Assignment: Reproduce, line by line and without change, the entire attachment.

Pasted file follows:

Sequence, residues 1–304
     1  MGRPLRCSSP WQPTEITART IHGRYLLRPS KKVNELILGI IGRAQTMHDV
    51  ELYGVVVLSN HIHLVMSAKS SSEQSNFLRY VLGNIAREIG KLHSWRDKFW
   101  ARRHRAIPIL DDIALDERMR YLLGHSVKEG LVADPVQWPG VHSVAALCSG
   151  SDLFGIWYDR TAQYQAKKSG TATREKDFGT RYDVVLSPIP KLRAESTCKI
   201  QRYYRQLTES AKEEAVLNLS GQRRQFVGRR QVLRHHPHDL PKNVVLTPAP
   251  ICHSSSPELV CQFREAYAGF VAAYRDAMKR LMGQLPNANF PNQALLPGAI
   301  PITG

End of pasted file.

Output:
Sequence, residues 1–304
     1  MGRPLRCSSP WQPTEITART IHGRYLLRPS KKVNELILGI IGRAQTMHDV
    51  ELYGVVVLSN HIHLVMSAKS SSEQSNFLRY VLGNIAREIG KLHSWRDKFW
   101  ARRHRAIPIL DDIALDERMR YLLGHSVKEG LVADPVQWPG VHSVAALCSG
   151  SDLFGIWYDR TAQYQAKKSG TATREKDFGT RYDVVLSPIP KLRAESTCKI
   201  QRYYRQLTES AKEEAVLNLS GQRRQFVGRR QVLRHHPHDL PKNVVLTPAP
   251  ICHSSSPELV CQFREAYAGF VAAYRDAMKR LMGQLPNANF PNQALLPGAI
   301  PITG